Finding yourself alone inside a pyramid is now a real possibility
After the revolutionary chaos of the past few years, many people will have struck Egypt off their list of must-see places for the time being. With good reason. But there’s an upside for travellers: low visitor numbers.
Egypt’s tourism industry has been decimated since 2011, with income plunging so low that the Antiquities Ministry has struggled to pay thousands of staff. Tourist hotspots such as the market in central Luxor emptied out as holidaymakers shunned Egypt in favour of destinations not plagued by social unrest and travel warnings.
Against this backdrop of turmoil, I was initially taken aback when DH suggested Cairo as a getaway, saying he’d heard the hotels were quiet (and cheap), and the historic sites uncrowded.
A week later, we found ourselves gazing at the Great Pyramid of Giza, awestruck in admiration. And sure enough: the sense of wonder surrounding the magnificent, ancient pyramids is much easier to experience when the site isn’t overrun with tour groups.
Enormity of Cairo
We travelled to Egypt with our children after I satisfied myself that tensions appeared to be easing. What I wasn’t prepared for was the intensity of Cairo. One of the world’s most densely populated cities, the capital is huge (with a population in excess of 16 million), and driving through the sprawling, chaotic metropolis is a hair-raising experience. But while Cairo is noisy, polluted and disorganised, it’s also incredibly vibrant, colourful and, above all, alive.
As we crossed the Nile – the river on which the first package holiday tourists travelled in 1869 – I peered out the window to take in its impressive wideness, then hastily retreated as we passed the rubbish piled up in Giza along the banks of the canal. Nine kilometres from the Nile, on the edge of the desert, we arrived at the Pyramids, built by the ancient Egyptians as tombs for the pharaohs and their queens.
Our accommodation (the Mercure Cairo Le Sphinx Hotel) was indeed great value, and set in the most amazing location: at the swimming pool, you literally stare up at a pyramid from your sun lounger. You almost have to pinch yourself to truly believe you’re swimming at the foot of the last surviving Wonder of the Ancient World. At night, after the pyramids have been absorbed into the darkness, I recommend viewing the sound and light show from the rooftop terrace.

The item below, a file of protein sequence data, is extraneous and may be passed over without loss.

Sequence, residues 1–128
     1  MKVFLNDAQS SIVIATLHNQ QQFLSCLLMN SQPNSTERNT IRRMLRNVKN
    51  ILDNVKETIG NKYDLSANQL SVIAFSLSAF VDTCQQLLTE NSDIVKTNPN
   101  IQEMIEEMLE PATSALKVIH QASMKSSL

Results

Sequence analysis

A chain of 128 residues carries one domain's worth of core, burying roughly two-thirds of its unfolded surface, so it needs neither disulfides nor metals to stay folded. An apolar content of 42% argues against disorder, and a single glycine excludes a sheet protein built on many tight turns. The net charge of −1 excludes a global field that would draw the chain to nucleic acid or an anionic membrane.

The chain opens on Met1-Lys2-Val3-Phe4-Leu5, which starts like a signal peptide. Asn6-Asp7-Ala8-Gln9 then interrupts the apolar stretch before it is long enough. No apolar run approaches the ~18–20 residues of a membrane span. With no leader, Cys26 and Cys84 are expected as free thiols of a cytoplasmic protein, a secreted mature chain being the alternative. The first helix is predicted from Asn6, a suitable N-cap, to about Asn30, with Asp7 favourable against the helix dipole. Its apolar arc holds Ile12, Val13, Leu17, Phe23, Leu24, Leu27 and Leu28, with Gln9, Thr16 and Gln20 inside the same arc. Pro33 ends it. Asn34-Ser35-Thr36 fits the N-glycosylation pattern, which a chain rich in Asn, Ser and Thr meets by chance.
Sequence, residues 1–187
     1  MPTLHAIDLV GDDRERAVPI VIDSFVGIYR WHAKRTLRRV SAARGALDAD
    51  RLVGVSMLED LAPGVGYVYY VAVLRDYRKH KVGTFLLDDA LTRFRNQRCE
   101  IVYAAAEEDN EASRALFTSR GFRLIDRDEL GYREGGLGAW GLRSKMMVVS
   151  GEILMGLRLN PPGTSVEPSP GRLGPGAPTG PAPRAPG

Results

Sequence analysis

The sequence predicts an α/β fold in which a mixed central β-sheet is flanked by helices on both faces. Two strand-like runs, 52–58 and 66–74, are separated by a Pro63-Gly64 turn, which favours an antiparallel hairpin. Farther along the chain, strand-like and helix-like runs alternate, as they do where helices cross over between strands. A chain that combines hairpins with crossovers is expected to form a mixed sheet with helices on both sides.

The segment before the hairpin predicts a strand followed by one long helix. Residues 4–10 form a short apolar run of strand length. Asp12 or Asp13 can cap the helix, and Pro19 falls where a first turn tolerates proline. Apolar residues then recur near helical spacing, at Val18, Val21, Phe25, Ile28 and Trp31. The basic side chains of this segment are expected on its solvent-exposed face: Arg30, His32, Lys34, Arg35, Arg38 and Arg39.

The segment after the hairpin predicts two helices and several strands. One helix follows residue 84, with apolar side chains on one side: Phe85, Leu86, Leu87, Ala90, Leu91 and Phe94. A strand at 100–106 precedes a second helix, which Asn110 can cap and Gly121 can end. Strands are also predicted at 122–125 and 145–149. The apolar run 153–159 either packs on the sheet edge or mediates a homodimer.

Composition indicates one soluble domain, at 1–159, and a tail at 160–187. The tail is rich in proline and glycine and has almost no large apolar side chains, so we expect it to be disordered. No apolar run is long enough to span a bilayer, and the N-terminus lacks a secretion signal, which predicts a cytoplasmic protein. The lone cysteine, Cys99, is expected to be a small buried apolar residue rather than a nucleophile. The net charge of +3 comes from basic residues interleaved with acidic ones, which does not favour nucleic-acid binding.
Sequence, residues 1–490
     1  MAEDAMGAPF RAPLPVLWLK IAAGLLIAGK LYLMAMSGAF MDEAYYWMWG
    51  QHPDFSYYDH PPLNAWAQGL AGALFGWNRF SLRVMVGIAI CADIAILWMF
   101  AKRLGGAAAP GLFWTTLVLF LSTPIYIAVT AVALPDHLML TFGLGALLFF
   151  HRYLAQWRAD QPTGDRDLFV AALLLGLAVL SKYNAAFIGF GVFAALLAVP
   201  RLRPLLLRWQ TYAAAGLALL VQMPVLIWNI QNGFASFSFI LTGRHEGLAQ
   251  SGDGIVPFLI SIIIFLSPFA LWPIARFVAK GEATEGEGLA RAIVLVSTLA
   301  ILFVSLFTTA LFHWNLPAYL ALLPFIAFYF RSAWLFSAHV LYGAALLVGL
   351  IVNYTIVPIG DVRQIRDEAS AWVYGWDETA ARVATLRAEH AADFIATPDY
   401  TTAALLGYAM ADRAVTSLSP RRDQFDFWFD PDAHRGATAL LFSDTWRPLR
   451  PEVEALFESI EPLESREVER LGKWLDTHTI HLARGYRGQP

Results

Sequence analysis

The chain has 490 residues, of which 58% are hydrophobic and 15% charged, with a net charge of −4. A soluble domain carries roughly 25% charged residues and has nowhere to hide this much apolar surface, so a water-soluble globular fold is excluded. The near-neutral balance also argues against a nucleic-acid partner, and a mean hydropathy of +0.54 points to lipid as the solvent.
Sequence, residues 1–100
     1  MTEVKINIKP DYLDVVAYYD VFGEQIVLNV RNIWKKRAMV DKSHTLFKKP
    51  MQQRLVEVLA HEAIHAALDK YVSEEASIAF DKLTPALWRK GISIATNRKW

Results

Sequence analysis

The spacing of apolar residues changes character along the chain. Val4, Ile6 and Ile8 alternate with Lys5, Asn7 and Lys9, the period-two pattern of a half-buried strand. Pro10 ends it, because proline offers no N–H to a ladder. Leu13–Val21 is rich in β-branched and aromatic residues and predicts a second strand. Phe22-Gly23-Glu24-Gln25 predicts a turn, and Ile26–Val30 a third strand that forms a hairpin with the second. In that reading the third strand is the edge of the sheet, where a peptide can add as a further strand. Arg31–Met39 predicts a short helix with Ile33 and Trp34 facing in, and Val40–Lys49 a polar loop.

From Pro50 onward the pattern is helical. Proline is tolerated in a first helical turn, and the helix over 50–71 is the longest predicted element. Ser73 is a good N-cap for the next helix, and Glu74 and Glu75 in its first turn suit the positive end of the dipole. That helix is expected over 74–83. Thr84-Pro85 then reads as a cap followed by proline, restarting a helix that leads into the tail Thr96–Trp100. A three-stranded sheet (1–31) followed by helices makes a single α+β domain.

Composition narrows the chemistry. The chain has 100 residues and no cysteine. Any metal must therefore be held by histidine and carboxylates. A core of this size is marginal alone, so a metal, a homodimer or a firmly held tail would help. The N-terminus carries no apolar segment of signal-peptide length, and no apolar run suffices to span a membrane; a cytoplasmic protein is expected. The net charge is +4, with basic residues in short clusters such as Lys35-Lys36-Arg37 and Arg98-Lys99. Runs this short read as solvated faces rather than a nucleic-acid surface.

I was prepared for hassle from tour ‘guides’ and other touts, so wasn’t surprised when our taxi driver suddenly thrust his mobile phone into my husband’s hands so his friend could attempt to sell us a tour; or when the hotel driver we hired took us less than a mile, to a stable, where we ended up shelling out more money for four-legged transportation (one camel, one horse-drawn cart, with several stable hands and a guide) to see the pyramids.
But, actually, the ‘hassle factor’ wasn’t as bad as I’d feared, especially considering how desperately people need the business. Nobody leapt into our taxi on the approach road to the pyramids and demanded to be employed, and everyone we met was friendly and warm – just trying to make a living. At Cairo’s Grand Bazaar the next day, there was even a sense of humour amid the kaleidoscope of shops, smells and sights: “Maam, how can I take all your money?” one vendor joked with a cheeky glint in his eye.
The downside for me was realising that the animals used to ferry visitors around the pyramids are most likely mistreated. Our guide, on the other hand, was excellent, engaging our young boys with illuminating stories and drawing triangular diagrams in the sand to demonstrate how the pyramids were constructed.
During our two-hour tour, we rode past the limestone Sphinx (the oldest known monumental sculpture and largest monolith statue in the world) and stood alongside the pyramids, admiring their advanced geometry and massive scale. We also climbed inside one of the smaller pyramids (claustrophobic and hot, but I’m glad we did it), and marvelled at the carvings inside the tomb of Queen Meresankh III.
Not everyone enjoys their visit: there’s litter clinging to the fence and the touts are out in force, plying camel rides, souvenirs and refreshments. Plus, when you get there, it doesn’t initially look like the thousands of photos you’ve seen. While one side of the pyramids faces the desert, the other is right up against a rundown residential neighborhood. The Sphinx literally looks at a Pizza Hut.
But with so much of the pyramids’ majesty retained, I, for one, will never forget our magical and mellow afternoon spent clambouring around the world’s most famous manmade structures. Knowing I was standing at a site visited in history by Julius Caesar, Alexander the Great, Mark Antony and Napoleon left me feeling pretty inspired. As did the fact the biggest pyramid was the tallest structure in the world for close to 4,000 years. The Burj Khalifa, it seems, has some way to go.